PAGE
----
Skip to content

Chi’s Wedding

March 13, 2012


Have you ever been to a Vietnamese wedding? No? Well follow after the break and you can find out what one is like!

Living in a foreign country is very difficult. Living in a foreign country without a support structure is impossible.

Our support structure is named Nguyen Thi Huyen Chi.

Chi’s family runs what we would call a convenience store down by the gate to our dormitories. Her family supplies us with many of the things we need for daily life. More importantly, her family has accepted first Theo, and then me as their own. Chi’s parents, who I only know as Ba and Mẹ (Dad and Mom), are constantly helpful, supporting, caring, and wonderful people to two Americans who they don’t even share a language with. Chi in particular has been open to help in any situation or crisis that we may find ourselves in, and if ever we have a question, she’s ready to try and answer it.

Today, Chi got married to to her boyfriend/fiancee/husband Coung, and Theo and I got invited to a family gatherings last night and to both the family ceremony and the considerably larger lunch reception today. I’m putting pictures with commentary below, but it’s a strange thing to talk about: there are Vietnamese wedding practices that I don’t understand, and am trying to learn from an outside perspective. But then these are people that I consider family, and I can’t honestly be objective about. It’s an interesting mix:

Chi’s family’s home isn’t too big, so to accommodate the large amount of family visiting for the wedding, they rented out a tent to cover their courtyard area.

This is the interior of Chi’s family’s store, it’s also their most used common area. This is the amount of space we’re dealing with here.

Na and Lin, Chi’s sisters. Na is 23, and lives and works in Saigon, which is both unorthodox and increasingly common these days in Vietnam. Lin is 19 and a freshman at the University of Da Lat. If she took English, she’d be my student. Lin also plays badminton for the Lam Dong Province team: she’s good enough to play at a national level.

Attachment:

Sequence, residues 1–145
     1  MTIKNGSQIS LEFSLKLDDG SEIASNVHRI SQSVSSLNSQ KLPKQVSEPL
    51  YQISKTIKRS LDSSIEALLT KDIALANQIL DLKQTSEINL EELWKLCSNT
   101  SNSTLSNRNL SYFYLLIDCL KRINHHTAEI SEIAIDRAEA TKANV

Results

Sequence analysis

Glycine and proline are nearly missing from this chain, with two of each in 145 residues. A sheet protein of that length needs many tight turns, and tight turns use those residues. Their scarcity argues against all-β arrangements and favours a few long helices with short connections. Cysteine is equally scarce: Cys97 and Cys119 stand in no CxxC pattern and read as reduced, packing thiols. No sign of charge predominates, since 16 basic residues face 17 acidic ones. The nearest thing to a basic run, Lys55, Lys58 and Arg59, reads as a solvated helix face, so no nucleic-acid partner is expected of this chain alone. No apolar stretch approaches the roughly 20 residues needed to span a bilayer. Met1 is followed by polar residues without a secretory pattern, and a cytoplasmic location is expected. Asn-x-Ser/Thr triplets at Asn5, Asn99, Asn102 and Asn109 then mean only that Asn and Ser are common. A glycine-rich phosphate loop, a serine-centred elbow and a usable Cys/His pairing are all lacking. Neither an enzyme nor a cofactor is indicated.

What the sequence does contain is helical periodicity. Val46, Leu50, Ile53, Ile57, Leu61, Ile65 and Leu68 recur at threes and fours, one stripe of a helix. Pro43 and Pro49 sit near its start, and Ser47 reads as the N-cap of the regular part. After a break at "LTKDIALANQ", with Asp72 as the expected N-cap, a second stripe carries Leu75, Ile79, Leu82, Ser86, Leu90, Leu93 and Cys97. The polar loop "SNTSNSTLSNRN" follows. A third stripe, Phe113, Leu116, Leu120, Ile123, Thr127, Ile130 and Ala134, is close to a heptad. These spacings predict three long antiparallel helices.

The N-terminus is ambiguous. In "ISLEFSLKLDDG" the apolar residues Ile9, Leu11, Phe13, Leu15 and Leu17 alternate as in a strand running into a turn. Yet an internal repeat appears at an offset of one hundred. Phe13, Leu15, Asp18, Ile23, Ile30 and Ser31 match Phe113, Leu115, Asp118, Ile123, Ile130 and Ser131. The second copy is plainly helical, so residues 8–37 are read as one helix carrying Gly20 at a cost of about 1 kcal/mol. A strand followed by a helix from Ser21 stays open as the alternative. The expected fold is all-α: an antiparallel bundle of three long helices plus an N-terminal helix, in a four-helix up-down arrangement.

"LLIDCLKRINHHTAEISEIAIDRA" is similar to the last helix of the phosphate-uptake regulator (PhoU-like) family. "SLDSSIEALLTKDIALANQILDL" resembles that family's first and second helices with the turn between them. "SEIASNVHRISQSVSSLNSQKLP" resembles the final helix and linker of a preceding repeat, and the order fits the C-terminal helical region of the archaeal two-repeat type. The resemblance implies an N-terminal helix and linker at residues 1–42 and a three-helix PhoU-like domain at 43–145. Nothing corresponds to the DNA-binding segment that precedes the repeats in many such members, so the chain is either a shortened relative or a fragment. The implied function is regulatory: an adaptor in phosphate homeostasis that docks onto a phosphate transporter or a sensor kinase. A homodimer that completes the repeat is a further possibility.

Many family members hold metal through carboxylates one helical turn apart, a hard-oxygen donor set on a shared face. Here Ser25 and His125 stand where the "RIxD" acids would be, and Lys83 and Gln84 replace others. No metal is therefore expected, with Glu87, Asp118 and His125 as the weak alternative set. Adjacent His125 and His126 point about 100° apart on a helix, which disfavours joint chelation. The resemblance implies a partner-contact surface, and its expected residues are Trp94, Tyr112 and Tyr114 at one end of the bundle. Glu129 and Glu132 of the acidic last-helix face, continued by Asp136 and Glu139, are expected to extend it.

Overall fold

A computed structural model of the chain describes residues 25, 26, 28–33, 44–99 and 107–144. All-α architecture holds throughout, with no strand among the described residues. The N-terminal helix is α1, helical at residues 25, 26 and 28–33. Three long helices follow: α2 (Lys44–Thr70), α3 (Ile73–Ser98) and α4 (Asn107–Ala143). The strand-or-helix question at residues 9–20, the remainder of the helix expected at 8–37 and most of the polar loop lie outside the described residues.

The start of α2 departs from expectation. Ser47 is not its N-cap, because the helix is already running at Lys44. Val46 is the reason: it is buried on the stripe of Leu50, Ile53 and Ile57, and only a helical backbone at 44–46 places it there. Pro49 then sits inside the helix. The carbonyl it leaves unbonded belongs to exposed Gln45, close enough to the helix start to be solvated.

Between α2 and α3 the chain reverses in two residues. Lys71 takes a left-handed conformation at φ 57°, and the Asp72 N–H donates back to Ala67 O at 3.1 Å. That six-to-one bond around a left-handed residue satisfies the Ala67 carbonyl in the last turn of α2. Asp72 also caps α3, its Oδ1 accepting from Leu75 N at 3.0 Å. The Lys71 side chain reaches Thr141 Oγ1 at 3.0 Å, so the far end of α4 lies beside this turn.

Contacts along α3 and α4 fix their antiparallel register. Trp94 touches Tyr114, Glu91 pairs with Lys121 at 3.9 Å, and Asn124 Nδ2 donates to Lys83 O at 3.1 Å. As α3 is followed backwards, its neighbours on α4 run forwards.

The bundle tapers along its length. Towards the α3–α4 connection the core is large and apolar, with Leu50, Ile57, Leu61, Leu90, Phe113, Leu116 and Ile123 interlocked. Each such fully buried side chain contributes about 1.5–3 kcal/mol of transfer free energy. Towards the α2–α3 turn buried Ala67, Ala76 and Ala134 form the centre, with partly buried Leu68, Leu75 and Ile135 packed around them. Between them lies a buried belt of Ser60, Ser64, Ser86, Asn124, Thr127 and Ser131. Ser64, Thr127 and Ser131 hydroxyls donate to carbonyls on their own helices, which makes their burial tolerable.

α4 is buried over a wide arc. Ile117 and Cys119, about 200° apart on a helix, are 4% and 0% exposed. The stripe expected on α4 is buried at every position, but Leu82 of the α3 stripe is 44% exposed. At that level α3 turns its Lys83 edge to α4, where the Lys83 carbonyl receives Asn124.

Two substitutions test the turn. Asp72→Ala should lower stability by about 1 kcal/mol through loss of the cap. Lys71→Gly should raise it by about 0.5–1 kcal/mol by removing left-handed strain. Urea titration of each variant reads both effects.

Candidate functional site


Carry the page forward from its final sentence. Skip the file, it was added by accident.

Lin also really doesn’t like having her picture taken.

Our partners for dinner. Traditional meals in Vietnam are multi-course affairs.

Just a glimpse at how many family members and close friends are here to celebrate. Remember, this is pre-wedding day.

At most family gatherings in Vietnam, it’s expected that the men will drink while the women don’t. This social drinking culture is heavily enforced, and it’s very common to to be in a situation where someone will come up to you, pour you a new drink, and then cheer for you to drink “trăm phần trăm” (“100 percent”) in one go. This night, it was with Ba’s (Chi’s dad’s) homemade banana liqueur.

Lin really DOESN’T like having her picture taken.

This morning, we came down to witness parts of the wedding ceremonies. This, again, is an event that only family is invited to, so it was a huge honor to be able to witness this part of a Vietnamese wedding.

The happy couple’s transportation.

The ceremony took part inside the house, with many family members crowding around to watch. Luckily, I’m taller than “chín mười chín phần trăm” (“99 percent”) of Vietnamese people. Chi and Coung are in the middle here. Chi is wearing a traditional Vietnamese dress, the first of three she’ll wear today. Behind them is a shrine to Ba’s deceased parents. Family is extremely important in Vietnamese culture, so having your wedding ceremony by a shrine to your deceased grandparents is especially important.

Chi and Coung exchanging rings. The official photographer gets to be way up front here. His pictures are probably way better than mine.

It’s traditional for family members to give the bride and groom gifts during the home ceremony. Here’s Na putting a ring on her sister’s finger.

Lin also gets to give a gift.

Strangely enough, while this is going on, there are many extended family members eating and completely not paying attention to the ceremony indoors. This won’t be the only time today where wedding guests don’t really pay attention to the wedding itself.

Theo and Lin pose for a picture.

Me and Lin. She complained about having to pose for pictures with two tall guys.